In this section we cover the equipment we use for all grain brewing. Due to Nick’s and our housemate Markus’ background a lot of this stuff is electronics and programing stitched together that all adds to the fun of brewing.
Note: The explanations covered here is very steeped in electronics jargon as Nick’s typing this up for our Geek Camp audience. We’re working on a more simplified version for our regular readers. Please bear with us! :)
Our mash tun is a RIMS (Recirculating mash system system) that is digitally controlled to ensure mash temperatures can be hit to within a degree. We achieve accurate temperature control by implementing a feedback loop on the temperature measurement. The feedback amount is governed by a PID controller, which actuates a bang bang control on an electric heater. All the set points for the controller can be adjusted through a web browser that relies on a back end put together in Python and jQuery.
Going into more detail, we use a Raspberry Pi to run a Python script, which host a web server and runs a PID controller. The temperature measurement is a simple potential divider with a thermistor to provide a voltage signal that is read in by the ADC of an Arduino. The Arduino uses a look up table to convert the voltage signal measured in a temperature that is sent via USB to the Raspberry Pi. The Raspberry processes the difference between the temperature set point and the measured temperature. Then the PID converts this change into a percentage of a duty cycle. The duty cycle window is 10 seconds long. The Raspberry sends a command back to the Arduino to turn the heater on and off. The Arduino then controls a mechanical relay through its digital output ports, which switchers the power on and off to the 1.7kW electric water heater. The Raspberry also logs and sets the temperature to a web browser it hosts. The Raspberry is connected to our LAN by a wireless adapter. The web browser allows us to set the PID controller parameters and set the temperature set point and duty cycle. The code for the Arduino was developed by Markus, our resident technologist and the Raspberry code was developed by a guy named Steve and can be found here so big thanks to him.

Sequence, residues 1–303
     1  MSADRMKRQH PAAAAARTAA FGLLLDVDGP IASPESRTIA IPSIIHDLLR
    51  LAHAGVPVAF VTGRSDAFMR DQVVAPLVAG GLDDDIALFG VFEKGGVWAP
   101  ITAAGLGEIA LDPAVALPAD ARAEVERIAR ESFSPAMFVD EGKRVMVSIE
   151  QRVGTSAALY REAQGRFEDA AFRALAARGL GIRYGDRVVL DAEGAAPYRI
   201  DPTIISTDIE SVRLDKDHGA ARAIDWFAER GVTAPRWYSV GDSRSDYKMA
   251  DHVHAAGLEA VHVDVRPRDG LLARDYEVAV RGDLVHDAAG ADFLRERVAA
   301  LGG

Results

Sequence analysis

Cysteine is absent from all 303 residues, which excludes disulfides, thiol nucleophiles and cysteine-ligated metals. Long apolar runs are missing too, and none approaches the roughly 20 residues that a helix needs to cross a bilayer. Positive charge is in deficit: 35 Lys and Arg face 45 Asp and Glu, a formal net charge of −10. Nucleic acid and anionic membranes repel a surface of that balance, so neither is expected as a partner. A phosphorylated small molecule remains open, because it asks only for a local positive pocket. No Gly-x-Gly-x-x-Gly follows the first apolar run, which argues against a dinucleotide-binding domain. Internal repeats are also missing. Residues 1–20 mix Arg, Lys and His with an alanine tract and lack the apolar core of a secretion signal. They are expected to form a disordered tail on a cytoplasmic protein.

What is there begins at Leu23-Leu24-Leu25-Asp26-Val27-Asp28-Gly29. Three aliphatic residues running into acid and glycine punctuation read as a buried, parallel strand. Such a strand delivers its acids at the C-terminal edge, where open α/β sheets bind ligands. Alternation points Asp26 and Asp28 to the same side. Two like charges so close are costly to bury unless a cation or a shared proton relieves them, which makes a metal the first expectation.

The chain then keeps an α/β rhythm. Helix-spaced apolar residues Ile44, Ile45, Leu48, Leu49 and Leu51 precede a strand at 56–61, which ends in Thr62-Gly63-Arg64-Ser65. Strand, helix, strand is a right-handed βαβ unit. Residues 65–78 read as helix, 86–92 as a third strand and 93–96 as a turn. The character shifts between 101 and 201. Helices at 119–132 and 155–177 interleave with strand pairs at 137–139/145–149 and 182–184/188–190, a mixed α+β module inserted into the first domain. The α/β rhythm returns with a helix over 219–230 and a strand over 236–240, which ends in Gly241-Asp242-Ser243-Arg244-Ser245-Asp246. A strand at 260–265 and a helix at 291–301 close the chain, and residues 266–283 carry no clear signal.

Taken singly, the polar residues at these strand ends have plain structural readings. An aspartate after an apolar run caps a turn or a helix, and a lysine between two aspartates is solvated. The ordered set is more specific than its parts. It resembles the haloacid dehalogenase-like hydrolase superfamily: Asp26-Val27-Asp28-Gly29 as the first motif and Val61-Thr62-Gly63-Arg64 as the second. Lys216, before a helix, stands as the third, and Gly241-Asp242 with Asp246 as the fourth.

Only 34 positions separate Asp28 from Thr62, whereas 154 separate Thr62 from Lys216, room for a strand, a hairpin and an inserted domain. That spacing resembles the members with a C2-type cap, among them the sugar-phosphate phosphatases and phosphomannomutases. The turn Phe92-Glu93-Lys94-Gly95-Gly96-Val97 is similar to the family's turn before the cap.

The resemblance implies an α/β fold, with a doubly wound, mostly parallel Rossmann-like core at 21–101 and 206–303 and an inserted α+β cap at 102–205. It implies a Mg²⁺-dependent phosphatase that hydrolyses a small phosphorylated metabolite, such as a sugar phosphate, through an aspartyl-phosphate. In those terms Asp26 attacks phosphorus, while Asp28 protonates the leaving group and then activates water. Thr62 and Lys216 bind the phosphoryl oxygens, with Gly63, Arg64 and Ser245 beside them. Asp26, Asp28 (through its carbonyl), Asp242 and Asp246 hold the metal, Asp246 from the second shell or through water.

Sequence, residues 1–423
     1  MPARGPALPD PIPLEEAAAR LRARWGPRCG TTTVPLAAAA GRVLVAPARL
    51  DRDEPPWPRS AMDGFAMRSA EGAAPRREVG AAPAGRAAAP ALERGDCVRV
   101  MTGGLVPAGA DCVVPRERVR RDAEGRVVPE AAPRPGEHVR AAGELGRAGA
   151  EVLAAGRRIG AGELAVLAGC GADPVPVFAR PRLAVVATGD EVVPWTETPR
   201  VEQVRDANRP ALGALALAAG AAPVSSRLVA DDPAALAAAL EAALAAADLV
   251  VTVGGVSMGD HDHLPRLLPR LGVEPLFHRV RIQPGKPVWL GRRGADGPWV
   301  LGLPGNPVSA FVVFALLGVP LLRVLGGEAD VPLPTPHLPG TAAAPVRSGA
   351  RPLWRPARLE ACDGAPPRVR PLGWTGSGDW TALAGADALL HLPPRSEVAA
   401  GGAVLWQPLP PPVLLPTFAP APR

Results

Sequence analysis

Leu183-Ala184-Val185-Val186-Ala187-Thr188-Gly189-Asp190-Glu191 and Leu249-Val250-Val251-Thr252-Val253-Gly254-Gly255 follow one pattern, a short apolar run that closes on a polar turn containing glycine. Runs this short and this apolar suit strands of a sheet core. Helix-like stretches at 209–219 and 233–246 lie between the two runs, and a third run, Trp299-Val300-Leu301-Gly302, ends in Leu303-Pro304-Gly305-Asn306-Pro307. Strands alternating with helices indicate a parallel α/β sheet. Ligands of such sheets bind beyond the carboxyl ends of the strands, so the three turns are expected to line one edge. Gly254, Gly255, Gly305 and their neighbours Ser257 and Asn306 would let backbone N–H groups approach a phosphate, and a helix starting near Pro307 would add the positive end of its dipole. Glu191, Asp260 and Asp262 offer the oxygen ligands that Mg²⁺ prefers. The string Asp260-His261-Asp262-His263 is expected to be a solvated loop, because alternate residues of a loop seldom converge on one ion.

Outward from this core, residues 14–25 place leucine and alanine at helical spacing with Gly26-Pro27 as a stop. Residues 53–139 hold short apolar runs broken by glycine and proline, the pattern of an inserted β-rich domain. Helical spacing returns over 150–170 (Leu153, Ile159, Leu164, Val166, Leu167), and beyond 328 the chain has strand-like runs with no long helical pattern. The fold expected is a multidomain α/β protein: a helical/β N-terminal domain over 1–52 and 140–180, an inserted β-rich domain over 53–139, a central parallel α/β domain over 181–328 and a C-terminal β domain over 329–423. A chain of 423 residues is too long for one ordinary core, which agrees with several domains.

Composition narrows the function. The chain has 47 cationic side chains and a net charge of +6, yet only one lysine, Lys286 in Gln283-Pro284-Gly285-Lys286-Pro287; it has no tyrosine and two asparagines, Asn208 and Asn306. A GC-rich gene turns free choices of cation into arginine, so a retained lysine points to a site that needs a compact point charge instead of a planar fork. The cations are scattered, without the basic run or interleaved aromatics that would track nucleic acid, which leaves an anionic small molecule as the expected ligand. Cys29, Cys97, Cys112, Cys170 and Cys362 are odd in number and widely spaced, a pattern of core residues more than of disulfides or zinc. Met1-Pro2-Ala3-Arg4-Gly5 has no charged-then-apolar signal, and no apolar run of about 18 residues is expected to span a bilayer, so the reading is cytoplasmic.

We added an extra button to the web browser control so that the water pump could be turned on and off. The water pump runs off a 15V and is actuated by the relay in the same way as the water heater. The water pump’s main use is to recirculate the mash to ensure the mash is the same temperature throughout. The recirculating also helps to filter the wort by moving the wort through the grain bed. The water pump is also used to pump the wort around into the boil kettle and through the wort plate chiller.
Fridge temperature controller
For fermenting beer in an equatorial climate a fridge is required as beer ferments best between 24-7C, unless you enjoy a funky Saison, which is perfect for our climate. To achieve this kind of temperature you could run your aircon all the time at 18C but this would be unwise as your electricity bill would more than double the cost of your homebrew. To keep beer fermenting at the ideal temperature there are a few options, one is to build a cool box out of polystyrene keep your fermenter in there with a few bottles of ice. This works fine for around the 15C mark but can be trouble some as you have to change the ice twice a day and if you forget your beer will soon become warm. The next option is to by a wine cooler as this can be controlled between 10-20C so are ideal for fermenting beer but they are very costly. The option we use is to temperature control a chest freezer. The chest freezer was picked up from gumtree for about $100.